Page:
CSC revenue up thanks to acquired assets

Kevin Collupy, analyst at TBR, said CSC integrates acquired assets and shifts services focus towards next-generation technologies to recapture revenue growth.

CSC has utilized recent inorganic contributions to grow its top-line, reversing 7 consecutive quarters of  revenue declines.

CSC revenue break-up

Global Business Services revenue of $1,049 million (+14.1%)
Global Infrastructure Services revenue of $881 million (–0.5%)

CSC continues to develop its cloud migration and digital modernization capabilities underlined with its core cloud platform, Agility. Efforts to broaden its alliance network and expand on existing relationship with AWS and with cloud providers including Azure and Softlayer position CSC as a vendor-agnostic, end-to-end solutions provider and systems integrator.

CSC posted total revenue growth of 7 percent in Q2 2016, driven by inorganic additions to revenue. We expect that CSC will continue with positive revenue growth through the rest of 2016. However we do expect pressures on CSC’s profitability as integration of recent acquisitions, restructuring initiatives and preparation for merging with HPE’s Enterprise Services (ES) will take time and money to achieve success.

CSC’s aggressive inorganic activity results from massive shifts across the IT landscape

CSC’s aggressive M&A activity over the past year, closing 5 deals since 4Q15 help reposition its portfolio towards emerging technologies and help it rebuild scale after its 3Q15 split from its National Public Sector (NPS) unit that helped form CSRA. We believe the inorganic additions are driven by the desire to offset diminishing legacy revenue streams. During the quarter CSC’s top-line was heightened by multiple new client engagements secured by UXC Limited including contracts from SAP Hybris to develop a public sector accelerator, and from Federation University Australia (FedUni) to implement a ServiceNow enterprise service management solution.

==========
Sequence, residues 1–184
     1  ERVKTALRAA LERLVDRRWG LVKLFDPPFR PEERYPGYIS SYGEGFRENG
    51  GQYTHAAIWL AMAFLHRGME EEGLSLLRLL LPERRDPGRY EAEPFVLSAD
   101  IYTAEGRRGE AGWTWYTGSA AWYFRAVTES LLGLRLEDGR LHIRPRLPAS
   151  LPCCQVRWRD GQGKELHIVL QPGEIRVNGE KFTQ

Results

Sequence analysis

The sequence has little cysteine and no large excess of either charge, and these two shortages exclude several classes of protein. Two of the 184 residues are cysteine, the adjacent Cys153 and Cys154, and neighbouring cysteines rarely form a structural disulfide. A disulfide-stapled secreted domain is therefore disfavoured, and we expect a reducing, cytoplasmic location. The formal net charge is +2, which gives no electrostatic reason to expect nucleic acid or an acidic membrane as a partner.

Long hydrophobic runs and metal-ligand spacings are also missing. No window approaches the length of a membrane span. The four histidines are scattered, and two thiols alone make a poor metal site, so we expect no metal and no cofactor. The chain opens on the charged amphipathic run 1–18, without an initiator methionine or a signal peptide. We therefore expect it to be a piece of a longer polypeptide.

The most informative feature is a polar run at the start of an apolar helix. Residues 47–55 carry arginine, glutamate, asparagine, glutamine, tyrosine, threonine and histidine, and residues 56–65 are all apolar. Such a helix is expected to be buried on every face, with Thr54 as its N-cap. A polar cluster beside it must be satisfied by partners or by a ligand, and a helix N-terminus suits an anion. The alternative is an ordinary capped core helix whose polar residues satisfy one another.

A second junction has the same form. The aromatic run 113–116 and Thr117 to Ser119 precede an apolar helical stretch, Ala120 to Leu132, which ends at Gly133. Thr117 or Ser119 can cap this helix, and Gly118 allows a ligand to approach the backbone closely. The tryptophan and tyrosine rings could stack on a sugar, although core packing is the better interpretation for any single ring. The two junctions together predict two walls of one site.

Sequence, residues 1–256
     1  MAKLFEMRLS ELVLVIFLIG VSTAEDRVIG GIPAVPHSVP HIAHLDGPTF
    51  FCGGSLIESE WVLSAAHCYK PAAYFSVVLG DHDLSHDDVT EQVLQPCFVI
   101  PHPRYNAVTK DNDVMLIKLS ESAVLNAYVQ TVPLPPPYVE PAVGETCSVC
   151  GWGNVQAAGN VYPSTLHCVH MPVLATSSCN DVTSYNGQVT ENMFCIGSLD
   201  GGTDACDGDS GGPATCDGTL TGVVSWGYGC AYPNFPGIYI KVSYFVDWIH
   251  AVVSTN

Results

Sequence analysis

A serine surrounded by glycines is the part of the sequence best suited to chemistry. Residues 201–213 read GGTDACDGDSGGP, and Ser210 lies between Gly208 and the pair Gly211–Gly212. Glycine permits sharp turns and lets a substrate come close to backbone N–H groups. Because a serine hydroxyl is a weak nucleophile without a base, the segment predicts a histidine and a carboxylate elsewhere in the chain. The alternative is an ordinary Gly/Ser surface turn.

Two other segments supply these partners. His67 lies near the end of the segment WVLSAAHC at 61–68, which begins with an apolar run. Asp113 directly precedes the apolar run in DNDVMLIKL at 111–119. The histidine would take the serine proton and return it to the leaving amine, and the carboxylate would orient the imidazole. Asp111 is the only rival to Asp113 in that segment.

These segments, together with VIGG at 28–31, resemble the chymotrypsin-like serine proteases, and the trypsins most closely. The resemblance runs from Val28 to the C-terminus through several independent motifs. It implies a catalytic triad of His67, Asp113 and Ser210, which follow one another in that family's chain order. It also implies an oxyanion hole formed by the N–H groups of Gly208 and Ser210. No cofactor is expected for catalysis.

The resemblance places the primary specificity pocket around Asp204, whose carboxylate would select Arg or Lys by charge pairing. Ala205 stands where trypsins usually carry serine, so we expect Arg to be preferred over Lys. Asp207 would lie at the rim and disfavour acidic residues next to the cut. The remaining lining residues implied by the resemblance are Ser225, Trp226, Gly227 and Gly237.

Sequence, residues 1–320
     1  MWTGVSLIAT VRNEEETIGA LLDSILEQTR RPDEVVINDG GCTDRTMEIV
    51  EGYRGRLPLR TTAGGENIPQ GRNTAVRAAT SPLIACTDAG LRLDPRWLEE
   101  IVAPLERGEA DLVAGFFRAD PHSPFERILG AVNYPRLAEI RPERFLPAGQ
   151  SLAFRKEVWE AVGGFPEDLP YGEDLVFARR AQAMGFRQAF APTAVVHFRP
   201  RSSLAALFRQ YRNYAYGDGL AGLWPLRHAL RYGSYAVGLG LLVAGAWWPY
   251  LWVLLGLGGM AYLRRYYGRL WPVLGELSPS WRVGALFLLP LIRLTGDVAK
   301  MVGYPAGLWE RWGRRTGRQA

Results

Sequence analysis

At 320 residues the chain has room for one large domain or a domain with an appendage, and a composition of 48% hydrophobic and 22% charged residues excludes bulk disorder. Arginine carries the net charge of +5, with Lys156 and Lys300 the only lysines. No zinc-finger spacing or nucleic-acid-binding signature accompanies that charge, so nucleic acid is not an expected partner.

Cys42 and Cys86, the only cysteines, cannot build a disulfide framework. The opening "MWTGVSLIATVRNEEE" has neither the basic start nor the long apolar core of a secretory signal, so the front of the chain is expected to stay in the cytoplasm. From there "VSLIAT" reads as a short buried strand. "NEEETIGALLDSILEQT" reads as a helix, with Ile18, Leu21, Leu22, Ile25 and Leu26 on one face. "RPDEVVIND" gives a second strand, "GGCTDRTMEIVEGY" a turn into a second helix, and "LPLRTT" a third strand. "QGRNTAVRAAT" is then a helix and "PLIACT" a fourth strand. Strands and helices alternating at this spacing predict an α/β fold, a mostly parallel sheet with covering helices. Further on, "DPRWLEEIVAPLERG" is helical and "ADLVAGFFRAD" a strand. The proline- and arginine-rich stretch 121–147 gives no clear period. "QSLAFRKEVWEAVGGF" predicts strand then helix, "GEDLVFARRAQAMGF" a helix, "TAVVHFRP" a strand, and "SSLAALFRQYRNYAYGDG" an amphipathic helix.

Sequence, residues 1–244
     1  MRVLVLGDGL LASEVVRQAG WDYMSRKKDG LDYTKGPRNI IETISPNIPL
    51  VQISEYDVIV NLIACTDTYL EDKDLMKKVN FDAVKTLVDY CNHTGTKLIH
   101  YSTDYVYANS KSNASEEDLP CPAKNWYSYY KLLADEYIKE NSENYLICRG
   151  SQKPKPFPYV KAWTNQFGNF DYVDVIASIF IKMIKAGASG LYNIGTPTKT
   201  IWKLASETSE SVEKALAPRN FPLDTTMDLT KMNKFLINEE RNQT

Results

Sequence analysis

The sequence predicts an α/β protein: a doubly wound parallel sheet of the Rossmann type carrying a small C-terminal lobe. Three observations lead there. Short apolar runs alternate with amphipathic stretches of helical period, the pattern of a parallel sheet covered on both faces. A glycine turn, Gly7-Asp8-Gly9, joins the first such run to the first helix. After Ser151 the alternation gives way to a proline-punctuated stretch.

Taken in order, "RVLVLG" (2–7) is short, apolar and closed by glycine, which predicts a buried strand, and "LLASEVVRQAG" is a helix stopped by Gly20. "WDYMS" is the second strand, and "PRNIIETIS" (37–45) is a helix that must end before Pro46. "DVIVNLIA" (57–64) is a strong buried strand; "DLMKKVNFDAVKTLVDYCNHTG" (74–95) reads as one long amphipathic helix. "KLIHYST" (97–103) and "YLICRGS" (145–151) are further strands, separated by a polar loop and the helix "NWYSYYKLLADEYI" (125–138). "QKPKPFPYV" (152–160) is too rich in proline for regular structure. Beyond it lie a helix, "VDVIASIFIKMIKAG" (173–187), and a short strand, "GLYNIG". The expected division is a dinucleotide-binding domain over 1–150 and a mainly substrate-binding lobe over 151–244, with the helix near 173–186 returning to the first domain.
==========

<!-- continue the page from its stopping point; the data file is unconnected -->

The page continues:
We expect CSC’s acquisition pace to halt in the near-term, as it focuses its efforts toward completing its merger and integration with HPE Enterprise Services unit. To combat declines in legacy services that both CSC and ES have been experiencing, innovation to create differentiated services around emerging technologies will be critical. Hybrid cloud migration and digital transformations will be a top priority for CSC. Similar to Dell and EMC, headcount reductions will ensue, reducing overlap and TBR expects go-to-market roles such as marketing, sales and channel to be most impacted.

Acquiring niche capabilities presents CSC with opportunities to cross-sell additional services and new client engagements

TBR believes one area where market perception is weak for the combined entity is in consulting. While it is unlikely the new combined company will rise to the same level as consulting specialists such as Bain, EY or McKinsey, we believe being able to offer front-end advisory with industry knowledge would greatly enhance its position against peers IBM and Accenture. Finding specialization through organic development, preferred partnerships or acquisitions will help CSC transition in a turbulent IT environment that has negatively impacted its core legacy services.

Capitalizing on demand for cybersecurity solutions among enterprise clients will help CSC capture revenue as clients invest in mobile, IoT and IT infrastructure modernization. Small-scale acquisitions such as CSC’s subsidiary, UXC Saltbush’s acquisition of cybersecurity consulting firm, The Dalmatian Group will not add significant revenues, but we believe the close relationship and complementary capabilities provide opportunity to cross-sell and broaden the reach of CSC’s cybersecurity solutions. Even as CSC slows its acquisition pace ahead of the planned mega-merger, we could see additional acquisitions such as Racemi, a small cloud software migration provider and joint partner with CSC.